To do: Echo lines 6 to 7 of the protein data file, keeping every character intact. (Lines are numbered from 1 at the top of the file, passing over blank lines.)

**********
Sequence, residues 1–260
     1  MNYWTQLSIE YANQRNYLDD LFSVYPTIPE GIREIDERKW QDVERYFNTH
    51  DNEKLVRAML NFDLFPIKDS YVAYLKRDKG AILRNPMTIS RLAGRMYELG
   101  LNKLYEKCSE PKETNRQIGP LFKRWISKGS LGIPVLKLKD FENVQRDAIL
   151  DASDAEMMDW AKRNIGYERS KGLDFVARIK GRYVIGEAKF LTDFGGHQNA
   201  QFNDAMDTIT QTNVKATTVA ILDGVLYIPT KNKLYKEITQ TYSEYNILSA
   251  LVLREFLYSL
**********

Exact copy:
   201  QFNDAMDTIT QTNVKATTVA ILDGVLYIPT KNKLYKEITQ TYSEYNILSA
   251  LVLREFLYSL